Blog Posts Tagged "deep sea drilling"

Intro to seafloor drilling

Seafloor drilling is quite a technological feat, as I can now attest from first hand experience.  In today's blog, I will show you a bit of the technology employed to collect samples for the scientists on Leg 330.

Retrieving the CORK

Hole 395A was first drilled in 1975, and on Friday, we successfully retrieved the CORK observatory that was installed in 1997 on ODP Leg 174B (14 years ago). Here’s a look at part of that process.

Animals on the JR?

Who knew that there were so many animals onboard with us? Not real animals, of course, but machines and tools that help the drillers do their work. Lots of them have animals in their names…I guess drillers like animals. Listed below are just a few!

A Bit of Disappointment

What’s the story?

When we entered the Hole U1383B with the 14.75-inch bit, Charlie, the driller, found cement extending up from the casing shoe inside the 16-inch casing. This was a good sign that we likely had cement extending up on the outside of the casing as well. We need this to get a good seal for the experiment and to help support the entire seafloor structure.  We drilled through the cement, then lowered to the base of the 18.5-inch rat hole and started drilling. At that point, it was drilling slow and steady at ~2 m/hr. Our operations superintendent had about 32 hrs in the plan to drill ~69-194 mbsf—but this was calculated at 4 m/hr. We decided to drill a fair amount, but perhaps not that far. A lot would depend on penetration rate and hole conditions. Another issue was how long the bit will last. Bits typically last 40-60 rotating hours. However, in a hole like this, we will tend to not go too far past the lower limit—the last thing we want is to have a roller cone fall off!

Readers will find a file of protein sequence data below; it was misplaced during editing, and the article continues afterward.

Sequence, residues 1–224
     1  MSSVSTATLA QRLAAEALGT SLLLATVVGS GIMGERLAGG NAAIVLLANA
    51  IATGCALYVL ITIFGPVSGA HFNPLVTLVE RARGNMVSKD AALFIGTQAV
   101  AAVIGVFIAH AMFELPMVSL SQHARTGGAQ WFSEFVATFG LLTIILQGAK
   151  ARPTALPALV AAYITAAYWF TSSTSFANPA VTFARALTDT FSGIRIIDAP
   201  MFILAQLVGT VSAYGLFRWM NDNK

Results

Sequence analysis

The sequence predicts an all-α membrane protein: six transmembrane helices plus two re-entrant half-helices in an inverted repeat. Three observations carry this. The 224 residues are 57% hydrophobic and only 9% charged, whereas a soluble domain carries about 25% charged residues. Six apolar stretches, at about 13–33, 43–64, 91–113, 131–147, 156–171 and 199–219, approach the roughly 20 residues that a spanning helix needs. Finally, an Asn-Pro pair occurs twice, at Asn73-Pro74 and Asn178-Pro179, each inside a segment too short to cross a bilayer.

Imagining Deep-Sea Drilling

In this activity that combines math and art, students will learn about the process of deep-sea drilling by making their own reentry cone and simulating drilling activities. Students can color and construct their own reentry cone using the pattern provided, then use scale ratios to calculate drilling distances and measurements.

Bit by Bit

RCB CORING, BIT #1: Although the penetration rates are relatively slow (with some faster intervals) and recovery is about what is expected, hole conditions appear to be reasonably good. The hole conditions are absolutely critical for us to be able to penetrate deeply, continue coring, and have a good hole for logging, packer tests, and CORKing. The next decision will be to determine when to stop coring with this Bit #1. A basic guideline based on a fair amount of experience (i.e., several decades of scientific ocean drilling) is that RCB bits typically last 40-60 rotating hours in hard rock. Although it’s always possible for a bit to last longer (or shorter!), the potential exists for it to have a cone fall off after too many hours—we all know too well what that does!

JOIDES Resolution Playing Cards

They're here!  These JOIDES Resolution playing cards depict images from the JOIDES Resolution drill ship, and can be used in a variety of different ways. There are four groups of cards: People, Places, Drilling, and Recreation, and each group has eight pairs of images. In addition, there is one card without a match.